I still remember the first conversation I had with Richard Curtis, the man who was to become my agent and good friend. I had written a proposal for a book series. I’d never written a book series before. It was new territory, so to speak. The proposal included an overview, sixty pages of the first book, and outlines for nine more. Richard read the proposal and, in his calm, measured way, said, “You should write the entire first book before we look for a publisher.” Good advice. The right advice. I didn’t take it. I had what I thought was a good story and wrote it down for fun. To be honest, I didn’t think anybody would want to publish it. So I told him, “Nah. If I write the whole book, I’ll be taking it way too seriously and be really disappointed if it doesn’t get published.” I thought he’d tell me to get lost and find another agent. Instead, in that same calm, reassuring voice, he said, “All right, let’s see what I can do.” Well, Richard, you did good. There’s nothing more to say but thank you.

  As always, Peter Nelson and Mark Wetzstein are due big thanks for keeping the business of Pendragon running smoothly. You guys are the best.

  Danny Baror has continued to spread Bobby’s story throughout the world. The list of languages the books have been translated int
o is always growing longer, thanks to Danny.

  As always, I have to thank my wife, Evangeline, for being the first sounding board for Bobby’s adventure. From the very beginning I’ve relied on her good taste and story sense to keep the story on track…and my head in the game. Thanks, Evander.

  My daughter, Keaton, is still a bit too young for Pendragon. I showed her a fairly innocent Are You Afraid of the Dark? episode recently, and it freaked her out for days. Oops. It will be a few years before she can start fluming. The gratitude I owe her is for being the nutty girl she is and making sure I continue to think like a kid. It’s a valuable skill…for both of us.

  I’ve had the good fortune to travel quite a bit and meet many booksellers who have recommended Pendragon to their readers. I’m grateful and honored. I’ve also met many teachers and librarians who have encouraged their students not only to read Pendragon, but to read in general. They know, as we all do, that reading makes you smarter. Simple as that. We all owe them a debt of gratitude.

  Between appearances and e-mails I’ve spoken to thousands of readers’ parents. It’s a great feeling to know there are so many engaged parents who are encouraging their kids to read. To all you parents, especially the ones who bring their kids to see me and then have to sit through a talk about quigs and territories and Travelers, you are all heroes.

  A great big thanks goes to all you readers who have been faithfully visiting the website and posting on the forums. Some of you have been there since the beginning, while new acolytes are showing up every day. It’s been a blast having you be part of the Pendragon adventure. I hope you continue stopping by for a long time to come.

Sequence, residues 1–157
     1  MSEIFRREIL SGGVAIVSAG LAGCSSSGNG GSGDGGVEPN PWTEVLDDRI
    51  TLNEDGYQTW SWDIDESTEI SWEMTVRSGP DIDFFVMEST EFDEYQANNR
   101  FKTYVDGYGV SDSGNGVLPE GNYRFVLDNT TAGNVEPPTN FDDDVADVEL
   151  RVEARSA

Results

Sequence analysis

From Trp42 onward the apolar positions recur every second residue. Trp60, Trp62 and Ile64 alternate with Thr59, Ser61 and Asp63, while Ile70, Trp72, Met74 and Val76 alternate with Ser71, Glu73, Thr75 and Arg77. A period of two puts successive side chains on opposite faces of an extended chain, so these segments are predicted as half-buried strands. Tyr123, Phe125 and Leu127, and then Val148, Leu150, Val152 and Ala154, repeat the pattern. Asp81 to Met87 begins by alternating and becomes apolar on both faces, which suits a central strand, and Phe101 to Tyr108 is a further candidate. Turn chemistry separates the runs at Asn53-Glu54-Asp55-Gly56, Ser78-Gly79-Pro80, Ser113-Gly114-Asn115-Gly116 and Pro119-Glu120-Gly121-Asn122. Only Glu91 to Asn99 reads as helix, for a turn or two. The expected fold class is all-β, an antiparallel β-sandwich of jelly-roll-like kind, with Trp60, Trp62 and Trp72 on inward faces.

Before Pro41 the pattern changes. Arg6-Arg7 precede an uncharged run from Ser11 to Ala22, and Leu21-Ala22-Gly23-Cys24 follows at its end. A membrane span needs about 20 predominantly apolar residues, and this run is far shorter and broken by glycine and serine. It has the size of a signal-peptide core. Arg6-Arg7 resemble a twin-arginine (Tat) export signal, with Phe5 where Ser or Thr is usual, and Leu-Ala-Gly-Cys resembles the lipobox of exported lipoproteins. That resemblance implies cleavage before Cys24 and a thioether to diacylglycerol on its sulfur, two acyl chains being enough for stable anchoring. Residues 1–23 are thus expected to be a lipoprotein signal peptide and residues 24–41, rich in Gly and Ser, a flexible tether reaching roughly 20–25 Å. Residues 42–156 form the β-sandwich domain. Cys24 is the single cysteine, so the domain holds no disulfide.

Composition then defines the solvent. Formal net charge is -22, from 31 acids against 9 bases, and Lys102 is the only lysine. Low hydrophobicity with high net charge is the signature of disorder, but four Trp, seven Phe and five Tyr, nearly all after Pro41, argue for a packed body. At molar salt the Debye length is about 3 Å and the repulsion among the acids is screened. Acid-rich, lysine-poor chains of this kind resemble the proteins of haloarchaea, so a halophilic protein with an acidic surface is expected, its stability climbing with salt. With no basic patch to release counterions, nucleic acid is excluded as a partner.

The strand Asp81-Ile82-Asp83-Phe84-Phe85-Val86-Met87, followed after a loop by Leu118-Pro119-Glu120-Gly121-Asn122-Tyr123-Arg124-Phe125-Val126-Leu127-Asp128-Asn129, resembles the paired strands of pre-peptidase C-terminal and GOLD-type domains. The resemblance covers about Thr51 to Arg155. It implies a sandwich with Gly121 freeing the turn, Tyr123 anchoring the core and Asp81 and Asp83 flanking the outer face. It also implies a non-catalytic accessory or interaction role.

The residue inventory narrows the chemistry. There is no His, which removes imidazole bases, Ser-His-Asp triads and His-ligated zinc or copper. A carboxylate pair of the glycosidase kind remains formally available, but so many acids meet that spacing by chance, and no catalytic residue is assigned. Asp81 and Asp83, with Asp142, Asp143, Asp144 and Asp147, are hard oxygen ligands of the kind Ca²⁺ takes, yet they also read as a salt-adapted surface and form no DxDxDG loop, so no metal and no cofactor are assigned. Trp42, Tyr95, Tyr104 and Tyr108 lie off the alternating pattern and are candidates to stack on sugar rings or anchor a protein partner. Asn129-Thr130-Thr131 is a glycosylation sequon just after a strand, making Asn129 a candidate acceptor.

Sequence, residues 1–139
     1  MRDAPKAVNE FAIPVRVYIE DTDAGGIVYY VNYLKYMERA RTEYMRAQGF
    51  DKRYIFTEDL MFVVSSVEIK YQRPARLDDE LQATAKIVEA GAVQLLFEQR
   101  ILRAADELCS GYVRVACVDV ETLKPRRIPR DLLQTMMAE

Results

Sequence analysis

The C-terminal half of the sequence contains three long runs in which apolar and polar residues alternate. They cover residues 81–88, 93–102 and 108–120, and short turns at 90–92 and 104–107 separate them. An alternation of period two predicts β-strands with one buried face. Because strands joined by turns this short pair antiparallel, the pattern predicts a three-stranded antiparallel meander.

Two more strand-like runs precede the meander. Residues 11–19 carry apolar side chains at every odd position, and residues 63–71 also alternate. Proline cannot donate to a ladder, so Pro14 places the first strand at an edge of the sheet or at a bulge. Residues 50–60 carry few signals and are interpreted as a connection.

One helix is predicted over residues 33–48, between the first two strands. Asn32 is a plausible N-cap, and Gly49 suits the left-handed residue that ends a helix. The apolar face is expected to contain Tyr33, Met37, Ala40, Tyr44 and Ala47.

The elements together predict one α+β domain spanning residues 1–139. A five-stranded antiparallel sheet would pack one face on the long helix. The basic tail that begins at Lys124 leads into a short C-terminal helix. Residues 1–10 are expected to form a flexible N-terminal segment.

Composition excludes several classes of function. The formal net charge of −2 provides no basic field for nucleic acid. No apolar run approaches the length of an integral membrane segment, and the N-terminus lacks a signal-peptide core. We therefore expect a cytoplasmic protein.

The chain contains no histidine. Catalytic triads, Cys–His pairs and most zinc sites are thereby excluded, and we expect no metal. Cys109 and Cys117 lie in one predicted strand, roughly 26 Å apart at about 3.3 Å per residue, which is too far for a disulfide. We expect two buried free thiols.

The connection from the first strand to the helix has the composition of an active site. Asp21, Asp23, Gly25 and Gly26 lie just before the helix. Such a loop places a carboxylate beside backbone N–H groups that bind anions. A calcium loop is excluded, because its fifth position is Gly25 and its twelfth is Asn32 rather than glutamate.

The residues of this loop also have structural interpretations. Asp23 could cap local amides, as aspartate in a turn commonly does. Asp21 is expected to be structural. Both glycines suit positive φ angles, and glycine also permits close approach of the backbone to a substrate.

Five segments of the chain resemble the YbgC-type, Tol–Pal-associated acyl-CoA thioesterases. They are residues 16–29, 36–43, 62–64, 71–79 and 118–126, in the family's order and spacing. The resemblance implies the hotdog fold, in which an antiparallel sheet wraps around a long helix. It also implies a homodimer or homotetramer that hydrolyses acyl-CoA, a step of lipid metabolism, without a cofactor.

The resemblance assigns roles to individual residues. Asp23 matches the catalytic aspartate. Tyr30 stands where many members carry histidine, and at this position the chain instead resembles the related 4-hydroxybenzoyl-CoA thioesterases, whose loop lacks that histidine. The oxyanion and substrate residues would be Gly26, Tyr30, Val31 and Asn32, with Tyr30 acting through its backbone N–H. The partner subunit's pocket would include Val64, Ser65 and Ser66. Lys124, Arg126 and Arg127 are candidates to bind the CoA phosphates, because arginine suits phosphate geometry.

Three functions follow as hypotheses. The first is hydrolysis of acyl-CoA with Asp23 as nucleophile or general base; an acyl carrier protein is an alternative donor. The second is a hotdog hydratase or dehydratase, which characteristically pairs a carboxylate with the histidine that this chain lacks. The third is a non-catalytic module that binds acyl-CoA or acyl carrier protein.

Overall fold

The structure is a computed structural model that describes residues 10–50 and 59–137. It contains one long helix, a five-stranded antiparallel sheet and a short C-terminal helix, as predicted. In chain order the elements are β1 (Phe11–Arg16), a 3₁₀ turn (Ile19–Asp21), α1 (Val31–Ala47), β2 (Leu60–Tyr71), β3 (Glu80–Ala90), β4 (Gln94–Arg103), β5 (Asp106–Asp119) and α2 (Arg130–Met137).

The final piece in the puzzle is…you. I guess it’s kind of obvious to say, but without you guys there wouldn’t be a Pendragon adventure. For those of you who have been there from the start, as well as those who have recently discovered Halla, I thank you for joining me on this journey. It’s been the ride of a lifetime. Thank you.

  What lies beyond Pendragon? Lots. You’re not getting rid of me that easily. Since this preface is about this book, I won’t make a list. All I’ll say is that when we meet again, it won’t be in a flume, but on a mysterious highway known as the Morpheus Road.

  Have I covered everything?

  Oh yeah. Almost forgot. The book. Right. That.

  Over the years I’ve been asked the same questions thousands of times. They took many forms, but all boiled down to this: “What’s going to happen to Bobby and the Travelers?” I think the number one question was “Will we ever see Uncle Press again?” Of course I knew the truth from day one, but I had to keep answering the same way: “Sorry, no spoilers.” “You’ll see.” “Keep reading.” You know, duck, dodge, weave. After avoiding the question for so long, I really enjoyed writing the last chapter of Raven Rise, because I was finally able to stop dodging and give the real answer.

  At the end of Book Nine, Bobby hit bottom. He failed. Halla was lost. Saint Dane had won. Game over. Right?

  Well…no. For those of you who have been paying attention, you know that Saint Dane winning wasn’t necessarily the worst thing that could happen. I always knew that when things got as bad as they could possibly get, Bobby would feel a tap on his shoulder and hear the words “Havin’ a rough day?”

  Yeah. Uncle Press finally came back. Along with the nine other Travelers. How was that possible? Where had they gone? Where were they now? How could so many have died, only to return? Where was the previous generation of Travelers? Were Mark and Courtney dead? What’s going to happen to the territories? To Halla? To Bobby? Ahhhh!

  Well, kids, the wait is over. No more questions. No more cliff-hangers. No more “To be continued…” It’s all here. The conclusion of an adventure through time and space. It’s no longer about individual books and separate stories. With this book, the Pendragon saga takes full shape. It’s all one story now, and this is the finale.